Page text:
YOU ARE VERY CORRECT SIR
    BUT IT IS THE NATIONAL PLOY IN GOVERNMENT TO DESTROY THE BEST IT PRODUCES

    TWO EXAMPLES FROM MY EXPERIENCE
    1- I WORKED AT A POLYCLINIC WHERE THE RECEPTIONISTS GOT OT THE NOTES FOR THE NEXT DAYS PATIENTS BEFORE CLOSING TIME EACH DAY. THE CLINIC WORKED LIKE CLOCKWORK THE NEXT DAY.
    YOU WOULD THINK THAT THIS EXCELLENCE WOULD HAVE BEEN TAUGHT AND IMPLEMENTED THROUGHOUT THE SYSTEM………IT WAS NOT. IT CRUMBLED FOR SILLY REASONS I WONT DISCLOSE
    2 I WORKED WITH AN EXCELLENT DR WHO PATIENTLY SORTED OUT ALL THE INTRICATE DETAILS OF OUR ELDERLY PATIENTS AT ONE END………WHILE I CLEARED THE CLINIC OF THE TRIVIAL CASES
    THEY SEPARATED US! AND TURNED THE OPPERATIONS OF THAT CLINIC INTO CHAOS

    I WENT TO BFS AND THEN HC AFTER THE FIRST COMMON ENTRANCE EXAM
    I AM A DUMMY SO I MISSED THE ELITISM!
    I WENT, PITCHED MARBLES, PLAYED TIP AND RUN FIRMS, MARBLE CRICKET AND BECAME AN EXCELLENT PHOTOGRAPHER, SUCH THAT I WAS PHOTOGRAPHIONG WEDDINGS AT AGE 17—–SHOULD HAVE STUCK TO THAT!

    LET US DESTROY HC AND QC IN ORDER TO FIX OUR EDUCATIONAL SYSTEM! HILARIOUS!
    WAS NOT EDUCTECH UNDER THE LEADERSHIP OF MIA MAO MUGABE MUTTLEY, NOW PRIMEWICKER AND DICTATOR, TO FIX OUR EDUCATIONAL SYSTEM TOO?

    Liked by 1 person

  • The next question which should have been asked of Wickham( the poochlicker) how does he proposed the govt pay for this extended Caricom family
    As of now Mia made plenty promises of tax cuts to the poor which she has not kept
    Furthermore has taken a position of depleting govt revenue in her giving tax waivers to rich

    Liked by 1 person

  • RE Lexicon March 6, 2019 9:19 AM

    Jeff I have never understood why after paying teachers loads of money to educate our children …then we turn around and expect parents who are trying to make a living to take of the same children to educate then at home as well?

    THAT IS EASILY ANSWERED! IT IS BECAUSE YOU ARE AN ASS!
    THE CHILDREN WHO DO WELL IN SCHOOL AND GET SCHOLARSHIPS AND DO BEST IN SCHOOL WELL IN BARBADOS TODAY ARE THE CHILDREN WHOSE PARENTS WHILE trying to make a living ALSO TAKE THE TIME TO PARTICIPATE IN THEIR CHILDREN’S EDUCATION.

    NOW LEXICON PLEASE SHUT UP AND SIT DOWN!

    Liked by 1 person

  • RE The first thing Ms Bradshaw should do is publish in full the CXC exam results for each school.
    THIS IS ANOTHER “BRAIN WAVE” FROM HAL AUSTIN THE BULL SHITTER
    WHEN WE publish in full the CXC exam results for each school THIS WILL CAUSE THE PERFORMANCE OF THE STUDENTS AND TEACHERS OF ALL SCHOOLS TO IMPROVE.IN LEAPS AND BOUNDS

    WE HAVE NOW HAD LEXIMORON AND HALMORON! NEXT TO COME TO SCHOOL WILL BE THE PEDANTIC BULLSHITTING BRIMBLER, none of whom attended HC OR QC!

    WE ALSO NEED THE OLD GARDENER SAGE TO COME TELL US HOW SHE WOULD IMPLEMENT AGRICULTURE IN THE SCHOOL SYSTEM

    Like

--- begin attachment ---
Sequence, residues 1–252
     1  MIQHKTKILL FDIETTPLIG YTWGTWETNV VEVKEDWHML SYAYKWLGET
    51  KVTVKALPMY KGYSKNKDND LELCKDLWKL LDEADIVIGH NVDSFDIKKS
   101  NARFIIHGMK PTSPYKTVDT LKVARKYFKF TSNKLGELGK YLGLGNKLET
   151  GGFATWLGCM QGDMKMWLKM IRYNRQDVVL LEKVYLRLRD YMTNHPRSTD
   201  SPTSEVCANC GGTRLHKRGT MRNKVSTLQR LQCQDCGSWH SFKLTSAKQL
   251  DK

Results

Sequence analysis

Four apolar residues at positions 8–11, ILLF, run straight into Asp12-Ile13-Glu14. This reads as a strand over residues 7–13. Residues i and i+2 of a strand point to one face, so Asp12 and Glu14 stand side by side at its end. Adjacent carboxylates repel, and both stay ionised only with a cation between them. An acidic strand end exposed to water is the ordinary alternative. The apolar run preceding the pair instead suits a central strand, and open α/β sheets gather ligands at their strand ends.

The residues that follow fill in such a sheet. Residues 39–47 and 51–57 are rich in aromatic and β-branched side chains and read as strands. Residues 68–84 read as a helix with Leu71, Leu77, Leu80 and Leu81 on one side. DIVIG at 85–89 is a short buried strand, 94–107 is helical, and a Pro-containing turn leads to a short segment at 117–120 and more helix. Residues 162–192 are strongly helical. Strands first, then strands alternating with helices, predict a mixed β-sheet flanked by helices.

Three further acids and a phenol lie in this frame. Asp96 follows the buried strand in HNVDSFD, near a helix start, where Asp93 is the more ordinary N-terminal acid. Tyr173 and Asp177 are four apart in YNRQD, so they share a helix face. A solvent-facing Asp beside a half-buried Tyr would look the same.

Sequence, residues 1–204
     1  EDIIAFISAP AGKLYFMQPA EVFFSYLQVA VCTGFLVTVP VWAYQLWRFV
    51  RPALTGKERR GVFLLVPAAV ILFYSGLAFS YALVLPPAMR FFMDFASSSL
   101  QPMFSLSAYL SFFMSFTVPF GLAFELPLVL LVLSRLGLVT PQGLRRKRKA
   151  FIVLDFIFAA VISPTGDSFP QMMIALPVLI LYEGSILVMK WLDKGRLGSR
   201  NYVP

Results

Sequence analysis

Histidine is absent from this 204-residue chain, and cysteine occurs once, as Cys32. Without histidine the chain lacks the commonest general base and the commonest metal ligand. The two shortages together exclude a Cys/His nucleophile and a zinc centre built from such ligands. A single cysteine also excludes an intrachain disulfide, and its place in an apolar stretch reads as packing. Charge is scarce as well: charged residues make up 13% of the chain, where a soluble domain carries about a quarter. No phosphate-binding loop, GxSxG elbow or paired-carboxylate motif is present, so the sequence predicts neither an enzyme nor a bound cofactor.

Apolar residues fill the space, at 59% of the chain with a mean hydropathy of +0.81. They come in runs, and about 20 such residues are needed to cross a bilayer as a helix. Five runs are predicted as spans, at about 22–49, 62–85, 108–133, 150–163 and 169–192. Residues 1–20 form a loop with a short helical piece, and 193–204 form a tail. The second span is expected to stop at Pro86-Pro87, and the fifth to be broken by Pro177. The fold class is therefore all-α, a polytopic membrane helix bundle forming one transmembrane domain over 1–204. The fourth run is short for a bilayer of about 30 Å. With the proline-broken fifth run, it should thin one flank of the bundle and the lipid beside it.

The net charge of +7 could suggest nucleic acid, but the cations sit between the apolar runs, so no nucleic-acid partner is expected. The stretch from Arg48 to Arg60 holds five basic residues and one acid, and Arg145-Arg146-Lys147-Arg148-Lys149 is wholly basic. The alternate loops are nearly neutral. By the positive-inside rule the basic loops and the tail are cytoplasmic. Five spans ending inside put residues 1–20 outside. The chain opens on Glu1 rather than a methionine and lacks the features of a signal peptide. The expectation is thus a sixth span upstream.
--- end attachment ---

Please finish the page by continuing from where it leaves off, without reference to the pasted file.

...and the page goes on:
• William Skinner is generally right. About the 11+ foolishness. We find it hard to understand why an independent country would want to continue seeing this instrument for social stratification as so pivotal. In jest of course! We well know the answer/s.

    And we can’t pretend to want to change or RADICALLY transform the miseducation system unless we also intend to overturn all the adjoining structures. It can’t be empty talk. It has to go to the root – economy!

    What Skinner lacks badly it a frontal, alternative, paradigmatic or radical discourse as to what is to replace it. We suggest that the answer is well located in the ancestral DNA of those same children now being imbued with submission to the thinking of other people’s foremothers.

    This writer is always pleased to hear the name of a Great ancestor John Cumberbatch. For there has been no other person, born in Barbados, and known in our lifetime, with a real serious determination on such matters.

    That it has taken this motley bunch fifty years to rekindle his thinking is deeply regrettable and demonstrates our underdevelopment.

    Like

  • Sunshine Sunny Shine

    She said then: “There has to be an institution that allows those children who literally are too difficult to be managed in the secondary school setting to be taken into another setting and to be able to be given the dedicated time, attention and discipline to stop them from literally falling off the edge and entering into a world of crime from which they may never return.” (QUOTE

    We always have to reach crisis level to start talking sensible alternatives nuh. I want hard to believe you, Rogue-Works, I really do, so I am going to say here right now for the record that you saying the right thing but doing something remains to be seen. The same way how you laid haste at the feet of the constitution to effect changes beneficial to you, move with the same haste in designating one or two of the secondary schools or build a school Reprogramming Centre equipped with the right type of learning aids towards these problem children. While you are at it, provide legislation that mandates that the parents of these problem children be assessed and where falling short, attend guidance and parental counselling classes for a period of time. Makes no sense picking up the apples and leaving the tree grounded in its bad roots. This change needs a suitable environment, nicely designed building (or retrofit and renovate an old one), appropriate props, technology and good teachers. No talk shops but more practical learning with plenty of assimilations and visual aids. Then when progress is shown and a system that assesses them with data that can easily identify their strengths and weaknesses, have a section of the school construction for them to graduate to the next level for more stringent academic learning. Both parent and child must past all tests set because it does not make sense dealing with the child and leaving out the parent to return to an environment that will open wounds again. The curriculum will be designed according to their needs and strengths but with a focus on teaching deportment, discipline, self control and de-escalating conflict. And, for what it is worth, we really need to do away with the 11+. This thing about Harrison College, Queens College and Combermere versus all the other schools is a big part of the reason why you have this shitety good schools-bad schools concept.